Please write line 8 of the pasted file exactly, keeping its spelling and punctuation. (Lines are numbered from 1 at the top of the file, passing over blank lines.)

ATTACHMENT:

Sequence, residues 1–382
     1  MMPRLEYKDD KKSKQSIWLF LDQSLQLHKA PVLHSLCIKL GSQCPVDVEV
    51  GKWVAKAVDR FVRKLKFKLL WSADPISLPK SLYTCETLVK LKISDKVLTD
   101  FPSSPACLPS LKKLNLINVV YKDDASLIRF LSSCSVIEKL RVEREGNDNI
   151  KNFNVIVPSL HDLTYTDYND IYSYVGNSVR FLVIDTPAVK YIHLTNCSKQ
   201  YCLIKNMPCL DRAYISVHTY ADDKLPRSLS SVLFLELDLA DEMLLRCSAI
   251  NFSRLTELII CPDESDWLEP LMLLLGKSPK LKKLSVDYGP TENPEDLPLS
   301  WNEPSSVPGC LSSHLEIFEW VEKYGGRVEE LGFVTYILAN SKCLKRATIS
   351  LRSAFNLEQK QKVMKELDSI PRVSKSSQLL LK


   301  WNEPSSVPGC LSSHLEIFEW VEKYGGRVEE LGFVTYILAN SKCLKRATIS